By nightfall Lawson was in the hospital. Several days later he accompanied a search party into the area. A four-horse pack train pushed through waist- deep snow and with Lawson guiding, reached the lean-to. But there Lawson had to stop, due to his weakened condition. Bad weather closed in. In danger of being trapped in a blizzard, the party turned back. There would be no joyful reunions for the young sailor or the others.

A Generation Later

One summer day in 1963, a Forest Service surveyor hiking through dense timber on the steep southeast slope of Mount St. Helens saw something unexpected. Wedged tightly against the bases of two Douglas firs were the tail section and crumpled wings of a large aircraft. A circular blue insignia with a white star was visible on the weathered grey paint of a wing panel. One side of the fuselage bore faded numerals: 459.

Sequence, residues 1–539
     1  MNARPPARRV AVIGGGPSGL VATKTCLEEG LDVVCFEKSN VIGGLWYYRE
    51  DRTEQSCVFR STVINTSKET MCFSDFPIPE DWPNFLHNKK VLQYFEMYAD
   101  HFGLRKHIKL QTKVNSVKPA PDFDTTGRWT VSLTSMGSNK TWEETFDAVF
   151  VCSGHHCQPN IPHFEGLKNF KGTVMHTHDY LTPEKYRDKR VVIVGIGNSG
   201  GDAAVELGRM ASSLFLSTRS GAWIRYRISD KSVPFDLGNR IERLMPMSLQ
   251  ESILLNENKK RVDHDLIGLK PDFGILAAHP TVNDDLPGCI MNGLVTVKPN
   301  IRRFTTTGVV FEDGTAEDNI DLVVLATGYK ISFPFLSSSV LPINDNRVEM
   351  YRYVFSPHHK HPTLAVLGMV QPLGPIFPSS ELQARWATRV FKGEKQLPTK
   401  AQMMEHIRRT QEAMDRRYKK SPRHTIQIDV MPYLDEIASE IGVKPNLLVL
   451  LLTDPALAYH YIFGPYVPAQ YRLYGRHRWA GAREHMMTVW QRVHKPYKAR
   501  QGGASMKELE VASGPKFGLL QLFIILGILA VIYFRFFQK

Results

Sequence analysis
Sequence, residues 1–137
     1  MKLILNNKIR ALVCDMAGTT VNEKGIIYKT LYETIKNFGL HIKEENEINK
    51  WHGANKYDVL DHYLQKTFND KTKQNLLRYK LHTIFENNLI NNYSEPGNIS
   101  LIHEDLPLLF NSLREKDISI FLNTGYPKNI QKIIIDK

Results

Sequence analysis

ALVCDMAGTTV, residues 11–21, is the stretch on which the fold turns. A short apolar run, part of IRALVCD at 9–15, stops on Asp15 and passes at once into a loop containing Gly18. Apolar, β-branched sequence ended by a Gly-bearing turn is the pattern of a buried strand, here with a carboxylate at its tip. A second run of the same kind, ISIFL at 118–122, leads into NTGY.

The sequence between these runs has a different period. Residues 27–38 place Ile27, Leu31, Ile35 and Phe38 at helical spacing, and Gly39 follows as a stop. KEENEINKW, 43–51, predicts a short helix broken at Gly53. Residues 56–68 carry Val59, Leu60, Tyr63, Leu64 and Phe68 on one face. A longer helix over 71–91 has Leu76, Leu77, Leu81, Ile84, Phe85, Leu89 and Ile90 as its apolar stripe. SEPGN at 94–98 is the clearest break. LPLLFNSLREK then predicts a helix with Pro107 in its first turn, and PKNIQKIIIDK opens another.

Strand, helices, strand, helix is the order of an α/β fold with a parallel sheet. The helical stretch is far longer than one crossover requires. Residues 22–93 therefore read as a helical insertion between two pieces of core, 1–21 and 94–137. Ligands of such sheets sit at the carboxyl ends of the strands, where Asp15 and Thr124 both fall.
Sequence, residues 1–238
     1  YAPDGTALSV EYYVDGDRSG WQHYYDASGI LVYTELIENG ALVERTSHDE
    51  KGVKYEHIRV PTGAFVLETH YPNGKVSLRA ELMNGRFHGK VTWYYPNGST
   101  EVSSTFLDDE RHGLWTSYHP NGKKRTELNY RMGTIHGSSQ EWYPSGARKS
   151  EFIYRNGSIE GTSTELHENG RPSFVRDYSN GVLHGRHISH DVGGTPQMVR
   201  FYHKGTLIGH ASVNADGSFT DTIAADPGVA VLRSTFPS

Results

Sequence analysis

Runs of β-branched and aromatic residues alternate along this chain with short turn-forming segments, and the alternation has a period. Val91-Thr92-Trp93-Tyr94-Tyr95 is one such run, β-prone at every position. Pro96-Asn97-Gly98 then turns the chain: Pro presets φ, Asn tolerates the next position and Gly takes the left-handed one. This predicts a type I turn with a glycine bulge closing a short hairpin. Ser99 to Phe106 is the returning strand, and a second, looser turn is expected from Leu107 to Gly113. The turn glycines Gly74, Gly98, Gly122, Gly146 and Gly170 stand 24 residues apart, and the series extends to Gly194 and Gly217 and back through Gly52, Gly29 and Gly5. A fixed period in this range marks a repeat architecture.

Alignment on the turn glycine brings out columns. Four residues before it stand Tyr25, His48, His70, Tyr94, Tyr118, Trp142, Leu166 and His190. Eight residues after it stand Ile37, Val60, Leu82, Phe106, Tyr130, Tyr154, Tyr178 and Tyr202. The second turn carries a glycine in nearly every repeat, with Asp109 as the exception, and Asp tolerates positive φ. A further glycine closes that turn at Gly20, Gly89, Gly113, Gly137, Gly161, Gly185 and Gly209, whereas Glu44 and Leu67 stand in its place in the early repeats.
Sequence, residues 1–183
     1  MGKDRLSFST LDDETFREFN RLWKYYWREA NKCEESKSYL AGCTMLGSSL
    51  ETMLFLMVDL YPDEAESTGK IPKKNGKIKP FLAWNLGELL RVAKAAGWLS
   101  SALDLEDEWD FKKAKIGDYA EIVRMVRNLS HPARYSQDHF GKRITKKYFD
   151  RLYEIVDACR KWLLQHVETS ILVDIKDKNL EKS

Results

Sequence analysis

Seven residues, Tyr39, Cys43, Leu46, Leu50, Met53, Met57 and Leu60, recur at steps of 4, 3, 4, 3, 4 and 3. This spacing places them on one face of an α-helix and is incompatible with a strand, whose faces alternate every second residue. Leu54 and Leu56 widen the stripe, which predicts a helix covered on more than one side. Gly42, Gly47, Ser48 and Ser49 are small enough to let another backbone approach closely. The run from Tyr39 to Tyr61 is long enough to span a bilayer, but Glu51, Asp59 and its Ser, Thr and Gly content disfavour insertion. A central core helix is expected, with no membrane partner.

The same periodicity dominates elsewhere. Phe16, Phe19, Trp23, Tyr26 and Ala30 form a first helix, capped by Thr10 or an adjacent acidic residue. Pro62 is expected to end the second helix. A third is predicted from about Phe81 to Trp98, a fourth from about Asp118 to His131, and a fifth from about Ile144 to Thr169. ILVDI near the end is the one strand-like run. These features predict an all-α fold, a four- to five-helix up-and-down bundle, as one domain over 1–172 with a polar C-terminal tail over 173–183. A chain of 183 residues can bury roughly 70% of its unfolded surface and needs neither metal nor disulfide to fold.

A search and rescue team from Whidbey Island Naval Air Station found no human remains but discovered a temporary campsite nearby and downslope from the wreckage, two makeshift snowshoes.

The Navy never returned to search for remains of the crew. With no equipment but parachutes and crude snowshoes, the survivors likely succumbed to hypothermia or injuries as they struggled through deep snow drifts and frigid winds on the mountain. The final fates of twenty-three-year-old Norberg and the other crew members of Navy 49459 may never be known. Their remains and those of other airmen who never made it home still lie somewhere among the timbered ridges and sunless canyons in the rugged high country.